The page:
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Found 1 result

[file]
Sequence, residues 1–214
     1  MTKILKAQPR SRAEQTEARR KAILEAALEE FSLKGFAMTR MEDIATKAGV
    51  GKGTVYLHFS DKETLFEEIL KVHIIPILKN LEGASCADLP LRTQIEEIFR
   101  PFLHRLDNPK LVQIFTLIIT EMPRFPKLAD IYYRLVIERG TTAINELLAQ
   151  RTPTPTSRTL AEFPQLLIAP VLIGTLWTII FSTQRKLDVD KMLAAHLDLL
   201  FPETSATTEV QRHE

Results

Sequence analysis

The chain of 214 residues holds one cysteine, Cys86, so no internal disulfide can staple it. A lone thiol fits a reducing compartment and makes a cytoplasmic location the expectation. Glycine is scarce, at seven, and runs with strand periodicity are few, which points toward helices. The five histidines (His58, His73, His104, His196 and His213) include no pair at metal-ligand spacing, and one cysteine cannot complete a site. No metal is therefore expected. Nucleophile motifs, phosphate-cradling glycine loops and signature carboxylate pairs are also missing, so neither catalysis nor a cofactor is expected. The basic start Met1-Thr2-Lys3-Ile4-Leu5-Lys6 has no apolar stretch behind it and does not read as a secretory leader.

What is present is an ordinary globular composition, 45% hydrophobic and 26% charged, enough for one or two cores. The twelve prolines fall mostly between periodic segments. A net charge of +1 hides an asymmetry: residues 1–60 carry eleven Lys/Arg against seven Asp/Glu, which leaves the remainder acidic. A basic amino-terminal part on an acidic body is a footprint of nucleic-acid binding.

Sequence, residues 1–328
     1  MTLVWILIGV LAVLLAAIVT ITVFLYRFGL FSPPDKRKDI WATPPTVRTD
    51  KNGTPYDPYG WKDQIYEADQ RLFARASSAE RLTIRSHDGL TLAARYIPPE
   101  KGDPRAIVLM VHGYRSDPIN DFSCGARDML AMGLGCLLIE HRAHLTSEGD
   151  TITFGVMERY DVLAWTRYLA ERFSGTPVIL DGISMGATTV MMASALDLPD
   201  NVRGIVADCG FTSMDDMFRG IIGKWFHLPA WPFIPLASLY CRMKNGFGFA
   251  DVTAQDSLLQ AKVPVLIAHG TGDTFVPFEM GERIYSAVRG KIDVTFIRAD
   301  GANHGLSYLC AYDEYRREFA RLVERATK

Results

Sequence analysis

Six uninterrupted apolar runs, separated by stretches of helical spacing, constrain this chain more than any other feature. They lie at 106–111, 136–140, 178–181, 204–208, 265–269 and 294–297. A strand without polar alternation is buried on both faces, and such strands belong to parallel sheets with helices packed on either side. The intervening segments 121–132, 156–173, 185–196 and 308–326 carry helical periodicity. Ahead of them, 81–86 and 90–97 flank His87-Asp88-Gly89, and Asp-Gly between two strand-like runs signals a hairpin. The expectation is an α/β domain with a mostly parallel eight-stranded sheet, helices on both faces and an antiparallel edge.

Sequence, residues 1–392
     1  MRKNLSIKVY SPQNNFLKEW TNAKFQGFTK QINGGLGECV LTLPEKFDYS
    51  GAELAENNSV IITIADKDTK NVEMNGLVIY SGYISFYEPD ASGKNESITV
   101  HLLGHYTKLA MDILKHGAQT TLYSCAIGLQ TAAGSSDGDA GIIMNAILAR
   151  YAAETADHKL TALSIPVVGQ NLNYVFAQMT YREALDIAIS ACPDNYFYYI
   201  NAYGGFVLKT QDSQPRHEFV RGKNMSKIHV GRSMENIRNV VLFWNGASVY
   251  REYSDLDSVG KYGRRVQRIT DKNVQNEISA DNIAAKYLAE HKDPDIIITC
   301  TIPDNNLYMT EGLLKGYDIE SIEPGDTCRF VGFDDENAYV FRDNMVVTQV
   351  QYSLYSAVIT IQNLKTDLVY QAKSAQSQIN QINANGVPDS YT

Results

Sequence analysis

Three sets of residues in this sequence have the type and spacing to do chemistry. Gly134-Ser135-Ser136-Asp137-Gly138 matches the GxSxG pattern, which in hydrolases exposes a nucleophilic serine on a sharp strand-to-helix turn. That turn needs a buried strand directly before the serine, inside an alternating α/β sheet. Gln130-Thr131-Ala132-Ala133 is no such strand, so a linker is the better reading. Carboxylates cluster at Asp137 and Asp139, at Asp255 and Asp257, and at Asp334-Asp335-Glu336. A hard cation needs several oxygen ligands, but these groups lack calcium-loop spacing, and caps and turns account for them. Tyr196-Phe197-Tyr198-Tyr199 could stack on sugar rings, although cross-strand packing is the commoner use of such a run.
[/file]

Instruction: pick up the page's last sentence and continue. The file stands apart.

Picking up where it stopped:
1. I have authored several engineering textbooks. Up to now the author delivers a ready to print pdf to the publisher. Behind the pdf are a graphics program like Adobe Illustrator and writing software like MS Word, Adobe InDesign, or LaTeX. These components are under the full control of the author. He can manage the highly iterative process of creating a good textbook by drafting, checking and correcting, always seeing what later the reader will see. My questions refer to the case that the publisher introduces XML into his production process of textbooks. 1. What does the author have to supply then? 2. Which software does the author have to use/learn instead of LaTeX (or Word or InDesign) – the output of which may be input for XML? 3. Is there any advantage or relief to be expected from xml from the author's point of view compared to the xml-free way? 4. Does the mentioned quality assuring course of iterative drafting and correcting fit into an XML using publishing process? I would be glad if anyone would respond to my five (see p.s.) questions. If there are weblinks dealing with my concerns please advise. Best wishes xforu p.s. 5. Computer scientists probably jump for joy to manipulate xml with asp, attributes, children, css, dom, dtd, elements, html, javascript, metadata, nodes, parents, php, rdf, rss, siblings, subelements, tags, trees, well formation, wsdl, xslt, xlink, xpath, xpointer, xsd (to name just the tip of the iceberg). Is it advisable that a textbook writer who is focussed on his subject and on a depiction he has full control over, should immerse into this stuff?
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